Cherisse Amusa

On the couch


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“The quieter you become, the more you are able to hear.” —Rumi

Some people may enjoy and may prefer silence often. For others, the thought of being in silence can be uncomfortable. Interaction with others is vital for our general wellbeing; however, we can all benefit from solitude and silence.

Whether you are an introvert or a social butterfly, you should try and create some time for yourself to have silence and pause. A constant stream auditory stimulus keeps our attention on the external environment and makes it harder for us to turn our attention towards introspection. Silence allows space to notice the blind spots in our lives what is missing and gives us the freedom to explore future possibilities.

In society, we are becoming more task-oriented and focused on results; however, we can improve our productivity if we take for silence and space. A 2013 study saw that silence has a positive effect on the brain as it helps newly generated cells to differentiate into neurons and integrate into the system.

When you can cultivate silence, clarity develops in your mind and has a soothing effect. Our body and senses are connected, so you will both start to relax overall. Practising silence contributes to more effective active listening skills. Often in conversations, we wait for a turn to talk rather than listening to what the other person is saying. I like to consider silence as a bridge in my interactions with others rather than a roadblock. By consciously practising silence, we can establish more intimacy and connection to the people we have relationships with.

Here are a few benefits of making time for silence during the day.

Number 1 – Stress Relief
Research suggests that noise can have a physical effect on your brain and elevate your cortisol levels – the hormone associated with stress. Working or living in a noisy environment can contribute to chronic stress. Silence appears to have the opposite effect and can help to release tension.

Number 2 – Promotes Creativity
Creativity is an integral part of life. The creative process often requires silence as it is much more challenging to be creative and imaginative when your senses are overloaded. When you practice solitude and quiet in a calm environment, you engage more with your mind. You are much more likely to experience more profound thoughts and feelings when you are not dealing with tons of external stimuli. I find that my best work happens when I disconnect from the outside world and give 100% of my attention to the task at hand.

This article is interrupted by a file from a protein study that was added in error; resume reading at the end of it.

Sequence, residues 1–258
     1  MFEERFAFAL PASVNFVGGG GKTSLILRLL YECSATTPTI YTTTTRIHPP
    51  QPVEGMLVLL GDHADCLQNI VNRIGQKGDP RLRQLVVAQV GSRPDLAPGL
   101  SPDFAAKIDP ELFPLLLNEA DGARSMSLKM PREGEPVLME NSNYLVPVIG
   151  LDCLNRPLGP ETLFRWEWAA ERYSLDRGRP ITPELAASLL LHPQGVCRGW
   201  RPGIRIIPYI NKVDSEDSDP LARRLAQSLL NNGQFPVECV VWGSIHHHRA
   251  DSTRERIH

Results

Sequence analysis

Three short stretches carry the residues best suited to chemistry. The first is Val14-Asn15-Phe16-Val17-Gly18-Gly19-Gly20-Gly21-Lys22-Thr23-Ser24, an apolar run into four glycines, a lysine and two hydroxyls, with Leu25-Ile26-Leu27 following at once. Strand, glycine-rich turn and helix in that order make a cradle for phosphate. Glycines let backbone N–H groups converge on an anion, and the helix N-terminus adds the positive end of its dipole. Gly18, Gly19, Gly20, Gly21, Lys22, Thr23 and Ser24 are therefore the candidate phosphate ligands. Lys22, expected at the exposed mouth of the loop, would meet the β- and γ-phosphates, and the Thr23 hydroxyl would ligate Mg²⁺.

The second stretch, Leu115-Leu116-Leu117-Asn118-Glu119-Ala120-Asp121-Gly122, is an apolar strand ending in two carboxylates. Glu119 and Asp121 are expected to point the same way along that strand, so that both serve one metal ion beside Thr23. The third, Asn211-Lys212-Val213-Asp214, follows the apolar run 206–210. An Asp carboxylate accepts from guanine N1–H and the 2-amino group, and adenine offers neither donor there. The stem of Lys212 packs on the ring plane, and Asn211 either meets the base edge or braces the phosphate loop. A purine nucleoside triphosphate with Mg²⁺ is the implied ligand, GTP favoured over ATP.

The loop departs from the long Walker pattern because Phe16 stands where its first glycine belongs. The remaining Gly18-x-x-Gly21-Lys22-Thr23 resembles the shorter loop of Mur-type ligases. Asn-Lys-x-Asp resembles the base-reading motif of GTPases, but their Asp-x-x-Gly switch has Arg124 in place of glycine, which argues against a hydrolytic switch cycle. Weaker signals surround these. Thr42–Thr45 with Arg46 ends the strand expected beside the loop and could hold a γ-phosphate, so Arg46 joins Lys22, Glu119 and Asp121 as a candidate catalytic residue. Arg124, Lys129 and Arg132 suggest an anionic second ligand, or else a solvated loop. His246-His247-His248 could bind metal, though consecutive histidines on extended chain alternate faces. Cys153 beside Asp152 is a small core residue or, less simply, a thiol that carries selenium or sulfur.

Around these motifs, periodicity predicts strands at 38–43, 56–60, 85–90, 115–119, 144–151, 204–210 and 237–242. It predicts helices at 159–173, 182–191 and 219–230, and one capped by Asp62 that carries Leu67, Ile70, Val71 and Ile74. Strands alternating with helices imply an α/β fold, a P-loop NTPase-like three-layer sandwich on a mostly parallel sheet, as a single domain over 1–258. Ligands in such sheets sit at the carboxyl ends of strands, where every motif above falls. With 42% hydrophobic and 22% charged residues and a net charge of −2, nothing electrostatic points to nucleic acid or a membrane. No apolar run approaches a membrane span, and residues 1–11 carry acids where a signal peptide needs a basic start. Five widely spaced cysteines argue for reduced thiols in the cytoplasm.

Number 3 – Broaden Your Perspective
Silence helps you reflect on not just yourself, but your environment and everything around you. A calm, quiet environment can give you the ability to see yourself and your situation from a different perspective – a more realistic one, or from someone else’s perspective. Taking time to pause allows you space to see all sides of a situation. In turn, this will enable you to accept responsibility for your role in what happens to you, gain more control, and reflect on any potential changes you would like to make.

Number 4 – Improved Levels of Emotional Stability
Your emotional stability can also reap the benefits of being in silence. Negative emotions are less likely to affect you, or leave you feeling overwhelmed. Allow space for silence by limiting the overload of sensations in everyday life removes most of the distractions or stressors that may contribute to emotional distress or instability. Silence allows your brain’s attention centres to ‘reset’, and you start to become much better equipped to deal with whatever life brings your way. A 2015 study identified the positive physiological effects of meditative practices on the autonomic nervous system. Basically, silence restores your mental resources and makes you feel more balanced.

Number 5 – Connect with your authentic self.
In the age of social media, it is easy to fall into the trap of performing or worrying about how you are perceived by others. Silence allows space for introspection, an area where you can learn to understand yourself. Becoming more self-aware opens up possibilities and allows you to understand your true potential – you connect on your strengths and weaknesses and a better awareness of what you can accomplish.

Cherisse Amusa